I have been an Elvis Presley fan since the day I was born, my admiration deeply rooted in the allure of his music and the mystique surrounding his life. One significant piece that fueled my fascination was “Elvis & Me,” Priscilla Presley’s memoir, which was previously adapted into a 1988 made-for-TV movie. When news of a new cinematic rendition, titled “Priscilla,” surfaced, my expectations were high, but sadly, they were met with a profound sense of disappointment.

The decision to reprise the tale of Elvis and Priscilla should have been reconsidered after the 1988 adaptation, a made-for-TV movie that, despite its limitations, at least managed to capture some essence of the story. In contrast, “Priscilla” was an outright misfire.

Approaching the film from the perspective of a former journalist, it becomes a challenge to find aspects to critique—simply because there was nothing commendable. To add to the dismay, the cinematic endeavor faced a substantial setback as Elvis Presley Enterprises forbade the use of any of the King’s actual music, a choice that severely hindered the film’s ability to authentically convey the narrative.

The central disappointment came in the form of Jacob Elrodi’s portrayal of the fictional Elvis—a rendition that ranks among the worst interpretations I’ve witnessed, extending back to Kurt Russell’s portrayal. Beyond the blatant height discrepancies between the main characters, Elrodi’s lack of resemblance to the iconic figure was glaring. Comparatively, a sock puppet might have presented a more convincing portrayal, especially given the lackluster material provided.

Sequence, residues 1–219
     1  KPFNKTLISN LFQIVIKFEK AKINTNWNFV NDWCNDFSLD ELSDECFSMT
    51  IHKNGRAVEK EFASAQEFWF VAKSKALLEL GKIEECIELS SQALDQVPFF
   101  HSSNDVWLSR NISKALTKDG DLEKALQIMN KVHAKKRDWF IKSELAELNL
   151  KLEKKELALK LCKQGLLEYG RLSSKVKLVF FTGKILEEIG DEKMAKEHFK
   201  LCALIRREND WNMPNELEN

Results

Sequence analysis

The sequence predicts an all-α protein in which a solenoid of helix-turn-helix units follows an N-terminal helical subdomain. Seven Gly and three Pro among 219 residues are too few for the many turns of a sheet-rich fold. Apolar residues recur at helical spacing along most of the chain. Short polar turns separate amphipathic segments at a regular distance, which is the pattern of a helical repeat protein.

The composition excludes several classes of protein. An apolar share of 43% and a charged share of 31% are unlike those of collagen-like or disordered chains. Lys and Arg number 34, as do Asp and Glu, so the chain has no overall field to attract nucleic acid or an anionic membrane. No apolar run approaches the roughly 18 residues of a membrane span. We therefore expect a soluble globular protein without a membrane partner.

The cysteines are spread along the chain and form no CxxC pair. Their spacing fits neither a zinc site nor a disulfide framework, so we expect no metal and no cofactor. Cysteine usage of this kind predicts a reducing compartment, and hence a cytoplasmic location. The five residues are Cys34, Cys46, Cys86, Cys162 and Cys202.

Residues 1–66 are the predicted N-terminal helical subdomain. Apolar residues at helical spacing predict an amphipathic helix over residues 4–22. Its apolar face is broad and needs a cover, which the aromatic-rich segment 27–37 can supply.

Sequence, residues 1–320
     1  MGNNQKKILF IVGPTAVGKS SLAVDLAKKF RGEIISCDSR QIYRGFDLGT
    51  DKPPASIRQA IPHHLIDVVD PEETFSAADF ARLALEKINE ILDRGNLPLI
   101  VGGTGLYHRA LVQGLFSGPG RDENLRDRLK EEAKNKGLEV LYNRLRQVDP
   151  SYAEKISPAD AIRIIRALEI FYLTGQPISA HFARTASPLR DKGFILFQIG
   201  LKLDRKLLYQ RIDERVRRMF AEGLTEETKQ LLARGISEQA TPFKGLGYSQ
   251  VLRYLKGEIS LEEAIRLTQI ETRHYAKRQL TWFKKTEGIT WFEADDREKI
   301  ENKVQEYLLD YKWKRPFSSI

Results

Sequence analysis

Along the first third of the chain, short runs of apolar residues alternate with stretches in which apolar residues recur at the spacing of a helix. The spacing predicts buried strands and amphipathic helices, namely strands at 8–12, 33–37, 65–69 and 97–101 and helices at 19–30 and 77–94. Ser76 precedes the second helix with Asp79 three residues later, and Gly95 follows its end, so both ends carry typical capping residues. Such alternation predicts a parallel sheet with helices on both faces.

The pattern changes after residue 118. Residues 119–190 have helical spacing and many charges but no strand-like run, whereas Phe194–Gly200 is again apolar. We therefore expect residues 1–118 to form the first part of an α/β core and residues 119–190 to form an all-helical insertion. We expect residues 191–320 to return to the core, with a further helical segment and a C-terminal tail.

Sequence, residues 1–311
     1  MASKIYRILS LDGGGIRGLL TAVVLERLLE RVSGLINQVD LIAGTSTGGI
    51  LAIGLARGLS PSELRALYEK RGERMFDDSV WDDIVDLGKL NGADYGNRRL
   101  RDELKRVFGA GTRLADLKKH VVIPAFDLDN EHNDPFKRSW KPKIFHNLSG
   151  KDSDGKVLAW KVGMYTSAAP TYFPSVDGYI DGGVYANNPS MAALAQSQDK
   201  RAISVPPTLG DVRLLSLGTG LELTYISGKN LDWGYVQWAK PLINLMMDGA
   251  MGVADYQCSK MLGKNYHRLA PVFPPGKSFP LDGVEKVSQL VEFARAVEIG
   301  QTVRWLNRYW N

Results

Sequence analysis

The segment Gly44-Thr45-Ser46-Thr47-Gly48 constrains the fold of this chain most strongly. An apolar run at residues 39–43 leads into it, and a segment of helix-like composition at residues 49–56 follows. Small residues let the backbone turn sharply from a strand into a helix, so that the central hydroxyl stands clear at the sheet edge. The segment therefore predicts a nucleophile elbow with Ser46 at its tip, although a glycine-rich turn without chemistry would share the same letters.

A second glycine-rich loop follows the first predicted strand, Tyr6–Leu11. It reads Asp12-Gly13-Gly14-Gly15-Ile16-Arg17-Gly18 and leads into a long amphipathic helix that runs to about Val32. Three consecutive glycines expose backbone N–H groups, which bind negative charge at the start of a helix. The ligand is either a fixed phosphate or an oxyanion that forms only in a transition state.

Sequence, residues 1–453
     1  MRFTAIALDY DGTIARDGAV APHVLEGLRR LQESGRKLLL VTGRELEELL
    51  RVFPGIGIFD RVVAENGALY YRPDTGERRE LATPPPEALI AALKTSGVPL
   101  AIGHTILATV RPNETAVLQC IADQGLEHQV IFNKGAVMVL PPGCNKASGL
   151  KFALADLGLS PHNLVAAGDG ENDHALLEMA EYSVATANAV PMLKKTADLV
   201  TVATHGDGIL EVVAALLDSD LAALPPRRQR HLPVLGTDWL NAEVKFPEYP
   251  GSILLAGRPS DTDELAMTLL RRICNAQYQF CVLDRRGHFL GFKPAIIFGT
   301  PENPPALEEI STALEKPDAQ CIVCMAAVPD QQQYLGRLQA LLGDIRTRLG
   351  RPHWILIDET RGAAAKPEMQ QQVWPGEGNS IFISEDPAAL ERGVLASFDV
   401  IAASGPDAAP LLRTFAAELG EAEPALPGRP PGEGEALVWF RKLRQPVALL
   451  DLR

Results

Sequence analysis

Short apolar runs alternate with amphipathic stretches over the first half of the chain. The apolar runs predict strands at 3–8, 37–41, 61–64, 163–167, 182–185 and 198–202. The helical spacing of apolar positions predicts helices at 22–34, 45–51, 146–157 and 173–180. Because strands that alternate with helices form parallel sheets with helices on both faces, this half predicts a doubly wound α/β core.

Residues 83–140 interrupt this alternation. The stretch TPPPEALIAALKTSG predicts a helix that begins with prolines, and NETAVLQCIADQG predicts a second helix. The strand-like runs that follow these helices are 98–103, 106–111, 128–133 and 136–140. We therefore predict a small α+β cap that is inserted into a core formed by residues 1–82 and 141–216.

In the midst of this cinematic letdown, one shining beacon emerged—Cailee Spaeny’s performance as Priscilla. Her portrayal stood out as a commendable aspect of an otherwise lackluster film, showcasing an understanding of the character and delivering a performance that transcended the film’s limitations.

Director Sofia Coppola should have reconsidered the project’s scope the moment it became clear that Elvis’s music would not be part of the narrative. The absence of his iconic tunes, such as during the pivotal moment in Germany when Priscilla gifted him a music-playing jewelry box, significantly diluted the story’s impact and authenticity.

Moreover, the film’s abrupt conclusion as Priscilla left their house after filing for divorce felt like a narrative shortcut. If the film had been titled “Elvis and Me,” such a conclusion might have been palatable. However, Priscilla Presley’s life extends far beyond her time with Elvis, as eloquently detailed in her original book. The movie missed an opportunity to delve into the multifaceted aspects of Priscilla’s life, opting for a narrow focus that failed to do justice to her full story.

In retrospect, “Priscilla” stands as a cautionary tale of the pitfalls in attempting to retell an iconic love story without the essential elements that defined it. As a devoted Elvis fan, it pains me to see such a significant chapter in his life treated with such disregard for authenticity and depth.

Take three hours of your life and rewatch the 1988 made for TV movie – it’s on YouTube.